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The pea-sized dot of garlic was but a tiny portion of the dish, which centered on a medley of mushrooms, but an incredible amount of thought had gone into it. Before adorning the plate, the garlic had actually been baked in the soil in which it grew—something that had even the most experienced diners at Stages at One Washington in Dover, New Hampsire, doing a double take. Chef-owner Evan Hennessey mixed the soil with egg white to form a paste, and coated the bulb of garlic with it before baking. Then, he puréed it with a bit of paprika for that distinct hit of flavor.

That kind of imagination and extraordinary attention to detail are hallmarks of Hennessey, who takes a few pages from the molecular gastronomy of Ferran Adria and the perfectionism of Thomas Keller and blends them with a devotion to local ingredients to come up with an experience unlike any other.


The intimate dining room, the chef’s table at the bar


It starts with finding the way to his small reservations-only restaurant. Hidden on the third floor of a historic mill building in downtown Dover, Stages feels like a secret gastronomy club, with an intimate dining room and nine coveted seats at the “Kitchen Table”—a bar where diners can observe and ask questions about the unusual ingredients and preparations.

For curious eaters, the questions are likely to be many. The menu at Stages is perhaps intentionally vague, offering dishes like the aforementioned “mushrooms,” which features king trumpet mushrooms prepared two ways—smoked and braised—along with pickled chestnut mushrooms, set atop a bed of celeriac purée, dotted with the garlic purée, and then sprinkled with a “soil” made from coffee, rye, coriander, dried black trumpets, and pumpernickel. A lot of effort for a dish that equates to just a few bites—but each bite is full of flavor, and is a pure expression of the earth.


 Beets and herbs, a unique dish, garlic goat cheese with cabbage


Another dish, “Carrots,” looks like an orange steak tartare. But instead of steak, Hennessey uses a base of grated carrots and substitutes the classic egg yolk on top with a carrot sphere—carrot juice treated with a special chemical agent to form a soft shell on the outside, encasing vibrant carrot liquid that spills out when poked with a fork. The result is as delicious as it is beautiful.

The prix fixe menu is very much driven by the seasons and local providers. Mushrooms are cultivated in Tamworth, New Hampshire, and the delicate greens that grace several dishes are foraged behind another farm Hennessey works with. Still others grow in the window at the back of the kitchen. The only Stages signature is that everything is always changing—in fact, Hennessey has been known to switch up the menu mid-service, if, for example, a forager turns up with some exciting mushrooms or a farm has only enough duck to serve half the dining room.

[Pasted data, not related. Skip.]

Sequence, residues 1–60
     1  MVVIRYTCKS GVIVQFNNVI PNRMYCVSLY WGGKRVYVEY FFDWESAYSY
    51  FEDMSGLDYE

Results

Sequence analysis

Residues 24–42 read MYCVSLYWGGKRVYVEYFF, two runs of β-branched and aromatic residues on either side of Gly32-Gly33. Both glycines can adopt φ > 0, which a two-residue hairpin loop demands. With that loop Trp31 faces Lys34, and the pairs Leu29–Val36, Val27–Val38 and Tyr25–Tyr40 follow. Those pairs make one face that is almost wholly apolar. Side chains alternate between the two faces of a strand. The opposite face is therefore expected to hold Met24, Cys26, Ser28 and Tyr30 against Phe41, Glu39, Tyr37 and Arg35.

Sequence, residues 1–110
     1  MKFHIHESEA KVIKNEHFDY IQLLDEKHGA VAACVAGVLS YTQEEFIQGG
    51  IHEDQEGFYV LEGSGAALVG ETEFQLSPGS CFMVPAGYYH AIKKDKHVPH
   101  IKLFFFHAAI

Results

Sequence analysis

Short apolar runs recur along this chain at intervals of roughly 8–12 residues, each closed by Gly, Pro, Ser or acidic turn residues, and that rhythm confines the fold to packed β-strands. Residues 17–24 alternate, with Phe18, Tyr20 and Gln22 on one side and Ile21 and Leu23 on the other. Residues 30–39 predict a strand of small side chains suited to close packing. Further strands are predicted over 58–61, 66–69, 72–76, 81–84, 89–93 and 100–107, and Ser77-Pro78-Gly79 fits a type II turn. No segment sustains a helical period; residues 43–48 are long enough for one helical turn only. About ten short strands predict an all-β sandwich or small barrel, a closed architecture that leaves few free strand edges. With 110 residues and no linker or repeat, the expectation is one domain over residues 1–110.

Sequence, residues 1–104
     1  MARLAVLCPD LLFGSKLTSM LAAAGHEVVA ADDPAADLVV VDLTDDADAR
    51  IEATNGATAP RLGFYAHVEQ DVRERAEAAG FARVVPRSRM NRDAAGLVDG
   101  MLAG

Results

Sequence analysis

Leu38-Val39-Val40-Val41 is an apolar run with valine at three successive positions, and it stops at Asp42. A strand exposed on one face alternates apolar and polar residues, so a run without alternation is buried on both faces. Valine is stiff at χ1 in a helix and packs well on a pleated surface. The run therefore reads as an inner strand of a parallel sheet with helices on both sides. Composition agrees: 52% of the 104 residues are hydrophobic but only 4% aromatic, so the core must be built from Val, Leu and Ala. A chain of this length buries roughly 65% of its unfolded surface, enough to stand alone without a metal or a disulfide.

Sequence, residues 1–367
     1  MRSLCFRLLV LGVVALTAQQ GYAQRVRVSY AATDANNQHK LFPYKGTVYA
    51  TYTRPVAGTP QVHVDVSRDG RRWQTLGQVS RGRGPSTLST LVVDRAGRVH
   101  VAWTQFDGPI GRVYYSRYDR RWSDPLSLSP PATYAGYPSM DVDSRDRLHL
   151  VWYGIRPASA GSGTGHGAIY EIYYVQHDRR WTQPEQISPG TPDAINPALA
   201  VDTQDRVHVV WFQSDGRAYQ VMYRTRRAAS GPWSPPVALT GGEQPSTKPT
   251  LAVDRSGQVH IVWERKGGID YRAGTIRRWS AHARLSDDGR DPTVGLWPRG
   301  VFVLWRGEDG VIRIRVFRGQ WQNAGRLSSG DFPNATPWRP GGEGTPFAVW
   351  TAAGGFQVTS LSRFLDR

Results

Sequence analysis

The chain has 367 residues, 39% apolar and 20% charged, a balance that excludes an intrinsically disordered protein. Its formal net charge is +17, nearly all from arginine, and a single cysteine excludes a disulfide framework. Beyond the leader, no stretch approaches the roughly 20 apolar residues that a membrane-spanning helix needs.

Chef-owner Evan Hennessey, a sous chef readies a meal


Hennessey plans his menu entirely around what local farms and fishermen have available, and if he’s not preparing an extraordinary dish made from seemingly ordinary ingredients, he’s likely serving something you’ve never tried—usually sustainable, often foraged, perhaps invasive—with tasty results. For example, a recent menu featured cusk, a little-known but delicious relative of cod and haddock that is often just “bycatch”—the fish that get caught up with the real quarry of a fisherman’s net. Hennessey served the cusk roasted, topped with a slice of pickled kohlrabi and a frozen uni purée grated over the dish like cheese. Garnishes included black radish painted with a black garlic and vegetable ash, as well as a wild carrot more commonly known as the overlooked root of Queen Anne’s lace. And because he is so flexible and his orders are small, given the size of Stages, he is the only commercial customer who works with Élevage de Volailles in Rye, New Hampshire, an artisanal producer of poultry, lamb, and eggs.

Just as each dish is a harmonious sum of sometimes surprising parts, the optional wine pairing elevates the flavors of both the wines and the food. Wine is also available by the glass or bottle from a thoughtful list.


Wine pairings, Evan Hennessey uses tweezers to detail bite-sized dishes, chocolate, beets, and basil


The view from the Kitchen Table reveals exotic chef implements, including induction burners for instant heat, and cryovac vats and thermal immersion circulators for sous vide slow cooking, but the chef’s most important tool is clearly a pair of oversized tweezers that Hennessey uses to meticulously plate every dish. On one wall, next to dozens of copper pans polished to a warm glow, hangs a white board filled with brainstorming ideas, like ways to use green crabs, a highly invasive species area foodies are scheming to make commercially desirable. Thus far, Hennessey has only used them in bouillabaisse.

Of course, the desserts are just as surprising. On a recent night, offerings included unusual parsnip-based sweets, including ice cream, cake, curd, and candied slivers. The decadent “Chocolate” featured smoked chocolate curd, artfully swirling around basil meringue and pools of a bright basil syrup. The intense flavors, each vibrant on their own, came together as a harmonious whole—much like the dining experience at Stages, which will make visitors view the bounty of our area in a whole new way.

The menu is prix fixe only, and reservations are required. Options include a four-course tasting menu ($50); the Secret 8, a chef’s choice eight-course tasting menu created on the spot ($100); and Nature/Technique, a 12-course tasting menu focusing on the natural flavor and complexity of only a few ingredients ($150). An optional wine pairing ($35) is also available.

Stages at One Washington

One Washington Street, Suite 325, Dover, N.H.